It's okay to show some emotions
There are several approaches to this “win back” email, depending on your business. If you’re running an online shop, you can send your idle customers a special discount code. Or if you run a blog, send them a recap of the top blog posts from the past month. The key here is to focus on something that has value to them that they may have forgotten about.

Make sure to use a catchy subject line to increase the chances of your contacts opening your email so the message gets across.

Examples

Sephora

A great win-back email from Sephora
Crocs

 

A great email from Crocs

 

  • We need to talk

The simplest way to understand why your contacts are inactive is by asking them. And a way to do this is to simply send them an email and give them the opportunity to share their thoughts.

A good approach here is to be personal in your email instead of blasting out the same, generic message to everyone. Write the email in a tone and language that is sincere and be clear about why you’re asking for their input. Make it clear that you’re doing this to understand their inactivity in order to improve their email experience.

I might be useful to offer your contacts something in return for their input. Raffle a prize or give them a discount as a thank you for filling out your feedback survey or sending you feedback. And make sure to tell them this in your subject line, so they know that there is an incentive for them to take action.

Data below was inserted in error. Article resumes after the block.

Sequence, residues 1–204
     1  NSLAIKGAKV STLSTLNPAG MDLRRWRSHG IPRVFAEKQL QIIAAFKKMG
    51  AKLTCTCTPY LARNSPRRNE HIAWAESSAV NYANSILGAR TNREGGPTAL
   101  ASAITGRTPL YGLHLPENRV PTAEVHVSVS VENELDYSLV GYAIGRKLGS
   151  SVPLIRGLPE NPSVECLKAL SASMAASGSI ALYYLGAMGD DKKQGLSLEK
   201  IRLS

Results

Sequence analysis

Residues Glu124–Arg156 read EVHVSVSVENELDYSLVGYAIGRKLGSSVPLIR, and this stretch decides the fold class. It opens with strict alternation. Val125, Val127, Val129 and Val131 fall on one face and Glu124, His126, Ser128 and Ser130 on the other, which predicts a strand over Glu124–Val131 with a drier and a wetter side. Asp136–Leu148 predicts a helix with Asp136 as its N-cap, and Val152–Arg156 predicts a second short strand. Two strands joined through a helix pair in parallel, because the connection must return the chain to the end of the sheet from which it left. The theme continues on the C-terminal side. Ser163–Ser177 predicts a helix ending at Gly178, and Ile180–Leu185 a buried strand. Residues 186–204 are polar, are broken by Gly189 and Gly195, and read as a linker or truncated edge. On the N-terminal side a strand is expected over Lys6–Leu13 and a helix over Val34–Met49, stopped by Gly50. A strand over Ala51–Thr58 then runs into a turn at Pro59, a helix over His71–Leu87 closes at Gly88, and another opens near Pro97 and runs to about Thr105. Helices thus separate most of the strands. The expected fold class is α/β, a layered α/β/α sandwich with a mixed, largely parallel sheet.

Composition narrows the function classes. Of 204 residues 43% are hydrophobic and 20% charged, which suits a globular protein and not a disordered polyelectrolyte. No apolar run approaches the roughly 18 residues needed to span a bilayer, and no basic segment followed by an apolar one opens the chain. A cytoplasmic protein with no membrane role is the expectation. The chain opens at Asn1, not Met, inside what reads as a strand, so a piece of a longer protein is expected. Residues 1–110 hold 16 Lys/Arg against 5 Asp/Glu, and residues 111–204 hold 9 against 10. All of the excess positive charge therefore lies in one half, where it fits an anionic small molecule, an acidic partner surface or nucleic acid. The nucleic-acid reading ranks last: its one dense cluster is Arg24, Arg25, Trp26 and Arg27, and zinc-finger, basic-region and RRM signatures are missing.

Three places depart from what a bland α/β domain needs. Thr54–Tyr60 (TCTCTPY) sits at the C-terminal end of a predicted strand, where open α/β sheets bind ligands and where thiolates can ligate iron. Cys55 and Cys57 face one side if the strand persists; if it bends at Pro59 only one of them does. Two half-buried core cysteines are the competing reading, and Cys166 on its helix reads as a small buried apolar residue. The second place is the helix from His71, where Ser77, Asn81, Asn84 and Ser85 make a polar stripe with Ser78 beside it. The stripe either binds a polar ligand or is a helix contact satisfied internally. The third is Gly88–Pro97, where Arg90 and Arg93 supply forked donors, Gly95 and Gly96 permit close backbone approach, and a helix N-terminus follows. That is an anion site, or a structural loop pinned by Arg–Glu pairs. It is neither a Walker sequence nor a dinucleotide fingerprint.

Examples:

Quora

 

Quora gets personal in this email
fiverr

Fiverr asks for feedback in this email
 

  • Sometimes it just wasn’t meant to be

If all of your re-engagement efforts fall short, there might only be one more thing to do: opt-out the contacts. If you get no response to your attempts of reminding them why they should read your email and respond to your messages, they simply might not be interested. And if that’s the case, it’s probably time to move on and opt them out of your contact list.

The truth hurts
A great way to notify them is by sending an emailing to let them know they have been removed from your list. This gives you the opportunity to show that you’re actually paying attention to and care about how they respond to your email.

It can be a good idea to leave them with an easy way to opt back in, in case they change their mind.

Examples:

Fab

Fab knows when it's time to say goodbye
Blinkist

Break-up email from Blinkist
Dell

Sometimes an open relationship can work
 

Inactives can be a real threat to the success of your email campaigns. But if you notice the signs and listen to what your significant other has to say, there are several ways for you to take action and try to save the relationship. Always try understand the reason why your contacts are becoming inactive and try to provide a solution for them to stick around. But also know when it’s time to let go – because sometimes you have to realize that maybe they’re just not that into you…